V&A Signs of a Struggle: Photography in the Wake of Postmodernism

On Friday night, I took advantage of the late night opening of the V&A to visit ‘Signs of a Struggle: Photography in the Wake of Postmodernism‘.  This is a precursor to the V&A’s autumn/winter blockbuster: ‘Postmodernism: style and subversion 1970 to 1990’ which opens at the end of this week.

I’ve never been very sure of my understanding of the term ‘postmodernism’ and this small exhibition has been a big help.  I learnt that the characteristics of postmodern work include:

  • irony or humour
  • references to the work’s own mode of production
  • investigations of originality and authorship
  • enquiries into the nature of representation.
The notes to the work presented highlighted three strategies:
  • quotation, parody or appropriation to draw attention to the conventions and limitations of different forms of representation
  • self-conscious combination of nature and artifice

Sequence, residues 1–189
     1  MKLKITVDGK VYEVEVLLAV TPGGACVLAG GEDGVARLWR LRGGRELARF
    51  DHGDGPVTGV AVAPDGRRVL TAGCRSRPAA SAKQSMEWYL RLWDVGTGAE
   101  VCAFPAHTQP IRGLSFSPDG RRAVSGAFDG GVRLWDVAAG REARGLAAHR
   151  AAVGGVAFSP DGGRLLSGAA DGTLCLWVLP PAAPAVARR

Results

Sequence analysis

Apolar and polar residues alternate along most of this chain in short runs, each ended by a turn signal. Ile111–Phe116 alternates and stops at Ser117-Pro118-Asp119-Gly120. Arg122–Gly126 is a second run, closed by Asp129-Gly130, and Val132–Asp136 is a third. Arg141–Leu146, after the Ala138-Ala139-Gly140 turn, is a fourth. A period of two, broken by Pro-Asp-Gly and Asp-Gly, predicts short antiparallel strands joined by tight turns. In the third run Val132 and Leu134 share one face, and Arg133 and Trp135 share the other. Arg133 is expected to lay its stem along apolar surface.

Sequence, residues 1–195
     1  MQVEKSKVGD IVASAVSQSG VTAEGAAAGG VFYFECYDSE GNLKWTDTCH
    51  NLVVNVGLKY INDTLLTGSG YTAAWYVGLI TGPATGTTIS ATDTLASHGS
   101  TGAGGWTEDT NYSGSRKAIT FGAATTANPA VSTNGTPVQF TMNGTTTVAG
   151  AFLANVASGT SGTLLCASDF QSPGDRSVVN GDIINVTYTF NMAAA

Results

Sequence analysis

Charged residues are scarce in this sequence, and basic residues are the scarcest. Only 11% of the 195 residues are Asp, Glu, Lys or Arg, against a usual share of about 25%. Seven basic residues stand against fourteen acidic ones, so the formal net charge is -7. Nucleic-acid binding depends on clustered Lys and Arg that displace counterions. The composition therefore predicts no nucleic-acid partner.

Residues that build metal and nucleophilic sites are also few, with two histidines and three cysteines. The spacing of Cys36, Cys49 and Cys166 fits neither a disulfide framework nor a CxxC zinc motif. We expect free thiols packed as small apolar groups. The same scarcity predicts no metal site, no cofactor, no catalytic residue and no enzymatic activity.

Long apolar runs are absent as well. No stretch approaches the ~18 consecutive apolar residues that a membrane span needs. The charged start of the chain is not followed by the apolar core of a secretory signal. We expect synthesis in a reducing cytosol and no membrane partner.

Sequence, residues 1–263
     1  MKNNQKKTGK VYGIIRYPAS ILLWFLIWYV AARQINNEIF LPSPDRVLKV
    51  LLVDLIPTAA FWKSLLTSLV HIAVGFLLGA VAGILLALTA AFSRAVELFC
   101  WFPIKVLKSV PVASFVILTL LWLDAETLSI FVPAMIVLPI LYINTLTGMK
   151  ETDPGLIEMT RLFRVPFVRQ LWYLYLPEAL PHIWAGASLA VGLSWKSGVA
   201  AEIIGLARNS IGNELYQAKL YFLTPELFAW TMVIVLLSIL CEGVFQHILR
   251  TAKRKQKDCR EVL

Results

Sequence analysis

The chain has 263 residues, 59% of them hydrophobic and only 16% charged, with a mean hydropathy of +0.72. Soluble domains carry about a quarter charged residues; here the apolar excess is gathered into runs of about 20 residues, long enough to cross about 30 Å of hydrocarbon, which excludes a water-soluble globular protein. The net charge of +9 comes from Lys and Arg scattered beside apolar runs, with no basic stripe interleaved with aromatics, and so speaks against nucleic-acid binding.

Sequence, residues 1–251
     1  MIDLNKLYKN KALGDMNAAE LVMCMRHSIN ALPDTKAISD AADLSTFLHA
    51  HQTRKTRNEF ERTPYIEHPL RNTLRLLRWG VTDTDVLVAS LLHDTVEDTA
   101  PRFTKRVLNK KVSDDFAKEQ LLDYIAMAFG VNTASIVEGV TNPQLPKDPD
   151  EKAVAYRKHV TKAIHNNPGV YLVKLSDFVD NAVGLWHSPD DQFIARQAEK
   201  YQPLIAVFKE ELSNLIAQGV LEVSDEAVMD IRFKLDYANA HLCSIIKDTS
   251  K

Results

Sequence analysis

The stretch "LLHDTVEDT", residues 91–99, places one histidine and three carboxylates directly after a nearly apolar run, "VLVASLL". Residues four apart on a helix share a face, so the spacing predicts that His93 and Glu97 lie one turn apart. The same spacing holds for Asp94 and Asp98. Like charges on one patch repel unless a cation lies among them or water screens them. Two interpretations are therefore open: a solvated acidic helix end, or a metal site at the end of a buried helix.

• the staging or artificial construction of scenes to be photographed.
The notes went on to explain that work is often enigmatic with open-ended interpretations.  It questions the nature of photography as a medium and exports its myriad uses within our culture and in the service of powerful institutions.
Working my way around the exhibition I noted:
  • images cut from their original contexts and ‘re-purposed’ for different meanings
  • echoes of the ornamentation present in postmodern architecture.
The work that I particularly liked included:
Overall this was a small exhibition or perhaps 30 or so images but this was its virtue.  It allowed me to spend time with each image and work on my own understanding of them.  It was time well spent.
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